question milski

how can you apply theta = S/R to this problem or is that not possible?
 
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milski

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question milski

how can you apply theta = S/R to this problem or is that not possible?

What is θ=S/R? Does not ring a bell on its own.

If you want to deal with the motion of the block from kinematics point of view, it will be extremely painful, especially since you cannot estimations like sinθ=θ. Or do you have something completely different in mind?
 

MrNeuro

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What is θ=S/R? Does not ring a bell on its own.

If you want to deal with the motion of the block from kinematics point of view, it will be extremely painful, especially since you cannot estimations like sinθ=θ. Or do you have something completely different in mind?

theta is angle subteneded by the radius
s is arclength travelled by theta
theta is angle travelled by radius

i think you can use it b/c the pendulum formulas assume that theta is a small angle and they assume sin theta = tan theta

also think this may help

http://interactagram.com/physics/kinamatics/pendulum/
 
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milski

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theta is angle subteneded by the radius
s is arclength travelled by theta
theta is angle travelled by radius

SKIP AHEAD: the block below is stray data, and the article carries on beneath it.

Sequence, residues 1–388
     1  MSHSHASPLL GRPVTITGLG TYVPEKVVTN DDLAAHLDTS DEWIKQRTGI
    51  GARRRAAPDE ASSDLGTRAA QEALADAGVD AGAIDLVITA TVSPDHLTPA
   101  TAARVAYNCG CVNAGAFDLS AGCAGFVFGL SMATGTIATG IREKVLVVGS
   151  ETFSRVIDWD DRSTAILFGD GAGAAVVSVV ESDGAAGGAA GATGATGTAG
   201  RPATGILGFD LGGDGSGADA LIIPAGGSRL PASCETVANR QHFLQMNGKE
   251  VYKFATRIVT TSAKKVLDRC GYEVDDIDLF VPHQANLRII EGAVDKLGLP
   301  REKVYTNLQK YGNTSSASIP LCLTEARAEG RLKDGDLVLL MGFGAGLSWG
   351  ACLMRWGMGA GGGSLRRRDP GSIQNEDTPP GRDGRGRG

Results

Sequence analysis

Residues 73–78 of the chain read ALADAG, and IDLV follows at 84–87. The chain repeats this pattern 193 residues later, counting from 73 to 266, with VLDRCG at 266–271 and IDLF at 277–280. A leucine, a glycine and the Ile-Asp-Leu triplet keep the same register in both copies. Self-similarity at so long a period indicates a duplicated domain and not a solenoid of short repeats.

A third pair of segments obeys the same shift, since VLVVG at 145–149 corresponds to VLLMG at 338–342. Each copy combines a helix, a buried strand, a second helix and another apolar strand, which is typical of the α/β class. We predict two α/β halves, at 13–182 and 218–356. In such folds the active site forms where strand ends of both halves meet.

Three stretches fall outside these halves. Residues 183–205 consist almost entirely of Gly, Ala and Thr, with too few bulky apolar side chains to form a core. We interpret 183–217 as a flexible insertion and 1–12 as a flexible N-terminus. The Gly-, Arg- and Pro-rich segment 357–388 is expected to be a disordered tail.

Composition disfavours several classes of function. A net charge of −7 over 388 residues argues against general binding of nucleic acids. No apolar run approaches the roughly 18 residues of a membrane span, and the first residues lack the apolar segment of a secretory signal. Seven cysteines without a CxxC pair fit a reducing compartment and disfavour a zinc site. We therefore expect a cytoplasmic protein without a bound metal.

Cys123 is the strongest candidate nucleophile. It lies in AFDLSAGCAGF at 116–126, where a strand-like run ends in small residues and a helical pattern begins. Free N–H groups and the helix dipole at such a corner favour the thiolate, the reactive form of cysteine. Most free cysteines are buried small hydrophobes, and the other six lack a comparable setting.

i think you can use it b/c the pendulum formulas assume that theta is a small angle and they assume sin theta = tan theta

Ah, ok. θ=s/r is not an estimation - it's always correct. But how are you going to apply it to this problem? You know θ and r, that will allow you to find s, but then the motion along s is not easy to describe, so you cannot calculate anything from there.

The pendulum formulas from intro physics do assume small angle and θ=sinθ=tanθ. By small θ you should think of 10 degrees or even less, depending on how much error you are willing to take. You certainly cannot extrapolate that for larger angles.

The constant height of how much the block raises on the other hand is exact - it does not change (for long enough R).
 

MrNeuro

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Ah, ok. θ=s/r is not an estimation - it's always correct. But how are you going to apply it to this problem? You know θ and r, that will allow you to find s, but then the motion along s is not easy to describe, so you cannot calculate anything from there.

The pendulum formulas from intro physics do assume small angle and θ=sinθ=tanθ. By small θ you should think of 10 degrees or even less, depending on how much error you are willing to take. You certainly cannot extrapolate that for larger angles.

The constant height of how much the block raises on the other hand is exact - it does not change (for long enough R).

thanks